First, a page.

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Tattoo Talks: design and choosing a tattoo artist

By Patricia Pitner on September 7, 2016

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ilya1

Design & Tattoo by Ilya Brezinski

 

I don’t even know where exactly to start.. There’s so much to say. But I guess we’ll start from the beginning: picking your design & your tattoo artist.

And this will be the time where I’ll state the obvious: don’t steal designs! First, why would you want a design that already belongs to someone else? Second, an actual tattoo artist and not a tattooist won’t ever tattoo someone else’s design – so don’t waste your and his/hers time.

Speaking of stealing designs, don’t go to a tattooist that usually does this. Don’t condone this practice by funding people that do this. A tattoo will last you a lifetime, you want it to be original and done right and all that good stuff, not some mediocre copy of something you/they found on the internet. (Obviously reference photos are a different thing)

When thinking about your design keep in mind that some very detailed pieces require more space so everything is nice and clean. If you try and fit a lot of details in one tiny tattoo first of all it would be an incomprehensible mess. And second, most probably it will blowout and basically create a blob, or something very close to that.

Keeping all of the above in mind, you have your design ideas and now it’s time to find the artist that will permanently ink it into your skin.

 

alexbadea1

Design & Tattoo by Alex Badea

So first thing you have to accept is that maybe you won’t find someone perfect for what you want in your city. Branch out. This really isn’t the area in which you should compromise a lot or be cheap about it (but more on this in a future article).

Search for someone that tattoos in the style you want. Maybe you like a tattoo artist that’s absolutely great, but you want something geometric and they mostly do realism. First, he/she might not agree to do your tattoo. Second, even if he/she does and will definitely be able to do the job you asked for, if geometric designs are clearly not his/hers passion it might not turn out perfect. So make sure you and the artist you choose are on the same page, choose someone who does 1-2-3 styles and does them amazingly, rather than someone who does “everything” but mediocre.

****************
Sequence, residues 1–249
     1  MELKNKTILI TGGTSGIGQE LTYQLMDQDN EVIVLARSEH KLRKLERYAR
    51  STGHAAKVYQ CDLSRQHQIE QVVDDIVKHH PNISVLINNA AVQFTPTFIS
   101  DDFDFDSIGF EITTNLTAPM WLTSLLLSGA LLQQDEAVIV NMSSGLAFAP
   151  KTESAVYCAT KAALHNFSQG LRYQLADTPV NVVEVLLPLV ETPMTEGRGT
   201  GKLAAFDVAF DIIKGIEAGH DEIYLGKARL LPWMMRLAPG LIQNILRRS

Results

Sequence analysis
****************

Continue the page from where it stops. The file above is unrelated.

When you do find an artist that would be a fit for what you want, follow them on social media. Do a bit of research, scroll back to their first posts, check if they improved over time (because you do want an artist that continuously grows and improves). Also check how they are, what they write. If they’re rude or posting content that you don’t like or don’t agree with, move on. You will be spending at least a couple of hours with this person (and a whole lot more if you’re getting a big piece) so if you don’t like them.. why put yourself trough that? Why risk having a bad experience?

 

lea

 

Design & Tattoo by Léa Nahon

Schedule a consultation first. Actually going at the shop (or at least talk trough email if it’s far away) will help both you and the artist to figure out everything from the design, style, placement, size, pricing and so on.

Don’t stay set in one idea. I’m sure you know exactly what you want, but tattoo artists have experience with this, and maybe the design you want won’t fit perfectly where you want it, (and placement is important! you want the tattoo to highlight your body and fit perfectly, not look out of place) and so on. Bounce ideas of one another. This creative process will help you and the artist get to a common point that works best for you.

 

So there you have it. These are the basics that you should consider before actually getting a tattoo. If you have any more suggestions leave them in the comments below.

 

zabuga1

Design & Tattoo by Victor Zabuga

Note: These are my personal opinions. Some people may agree, some may disagree, but regardless, these are the conclusions I drew after years of getting tattooed and making some friends in the industry. I tried to put everything in a more positive, “here’s some advice” kind of way to help educate people instead of ranting on how many mistakes are made in this culture & industry.

 

 

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